Buy These 3 Dividend Stocks Amid Rising Volatility

Given their healthy growth prospects, stable cash flows, and strong liquidity position, I believe these three Canadian stocks could stabilize your portfolio.

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Amid the concerns over rising inflation and high valuation, the Canadian equity market was under pressure last week, with the benchmark index, the S&P/TSX Composite Index, declining by 0.5%. With the equity markets expected to remain volatile in the near term, here are three Canadian dividend stocks that can strengthen your portfolio.

Algonquin Power & Utilities

Algonquin Power & Utilities (TSX:AQN)(NYSE:AQN) runs a low-risk utility business, serving around one million customers. The company also operates hydroelectric, wind, and solar power facilities while selling the power generated from these facilities through long-term contracts, shielding its financials from price and volume fluctuations and delivering stable financials. These steady earnings and cash flows have allowed the company to raise its dividend by over 10% every year in 11 previous years.

Currently, the company pays quarterly dividends of $0.2094, representing a forward dividend yield of 4.5%. Meanwhile, Algonquin Power & Utilities’s management has planned to invest $9.4 billion over the next five years, with $6.3 billion on utility assets and $3.1 billion on renewable energy assets. Along with these investments, the rate hikes could boost its earnings and cash flows. Further, its financial position also looks healthy, with its liquidity standing at $1.45 billion as of March 31. So, I believe Algonquin Power & Utilities could be an excellent buy in this uncertain outlook.

Canadian Natural Resources

Second on my list would be Canadian Natural Resources (TSX:CNQ)(NYSE:CNQ), which has raised its dividends for 21 consecutive years. Currently, the company pays quarterly dividends of $0.47 per share, representing a forward dividend yield of 4.5%. Amid the recovery in oil demand, it had reported an impressive first-quarter performance earlier this month. Its adjusted EPS came in at $1.03 compared to a net loss of $0.25 in the corresponding quarter of the previous year. Further, it also generated a free cash flow of $1.4 billion, strengthening its financial position.

Meanwhile, the company’s management expects its production to increase 5% this year. Higher realization prices and increased production could boost the company’s earnings and cash flows. Its free cash flows could come in the range of $5.7-$6.2 billion this year, with an average realization price of $60 per barrel. So, given its excellent track record, favourable industry trends, and healthy liquidity position, I believe Canadian Natural Resources’s dividend is safe.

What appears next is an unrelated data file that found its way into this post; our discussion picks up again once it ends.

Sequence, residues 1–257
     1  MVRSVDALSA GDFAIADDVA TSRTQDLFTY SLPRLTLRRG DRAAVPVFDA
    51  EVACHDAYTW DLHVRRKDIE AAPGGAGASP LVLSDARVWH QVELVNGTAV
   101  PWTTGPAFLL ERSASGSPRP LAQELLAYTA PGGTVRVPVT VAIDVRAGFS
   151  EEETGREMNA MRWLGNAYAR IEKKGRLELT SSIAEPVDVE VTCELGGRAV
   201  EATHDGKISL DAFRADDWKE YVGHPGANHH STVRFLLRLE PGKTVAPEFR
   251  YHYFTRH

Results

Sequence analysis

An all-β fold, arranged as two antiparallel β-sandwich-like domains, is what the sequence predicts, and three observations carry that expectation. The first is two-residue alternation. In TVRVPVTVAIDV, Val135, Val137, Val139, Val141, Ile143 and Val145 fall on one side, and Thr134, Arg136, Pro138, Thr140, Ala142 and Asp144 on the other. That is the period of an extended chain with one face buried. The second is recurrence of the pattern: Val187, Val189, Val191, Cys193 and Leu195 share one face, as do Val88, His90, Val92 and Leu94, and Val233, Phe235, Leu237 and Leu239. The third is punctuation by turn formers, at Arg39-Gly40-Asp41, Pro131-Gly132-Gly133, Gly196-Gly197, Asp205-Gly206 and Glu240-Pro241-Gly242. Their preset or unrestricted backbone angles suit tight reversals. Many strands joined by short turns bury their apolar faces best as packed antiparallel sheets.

Third on my list would be TELUS (TSX:T)(NYSE:TU). Despite the pandemic, the company added 145,000 new connections in its first quarter, while its revenue and adjusted EBITDA grew 8.9% and 1.9%, respectively. Its revenue from telehealthcare services grew 10% amid rising demand, with the number of subscribers tripling over the last 12 months to 2 million. Further, the company generated a free cash flow of $321 million.

Meanwhile, Telus’s management plans to spend around $3.5 billion this year to expand its 5G coverage and enhance its fibre and broadband network. Along with these investments, the improvement in economic activities and expansion in its high-growth businesses, such as TELUS International, TELUS Health, and TELUS Agriculture, could drive its financials in the coming quarters. So, I believe its dividend is safe. Currently, the company pays a quarterly dividend of $0.3162, representing a forward dividend yield of 4.8%. Further, the company is also trading at a reasonable valuation, with its forward price to sales and price to book standing at 2.1 and 2.4, respectively.

This article represents the opinion of the writer, who may disagree with the “official” recommendation position of a Motley Fool premium service or advisor. We’re Motley! Questioning an investing thesis — even one of our own — helps us all think critically about investing and make decisions that help us become smarter, happier, and richer, so we sometimes publish articles that may not be in line with recommendations, rankings or other content.

The Motley Fool recommends TELUS CORPORATION. Fool contributor Rajiv Nanjapla has no position in any of the stocks mentioned.

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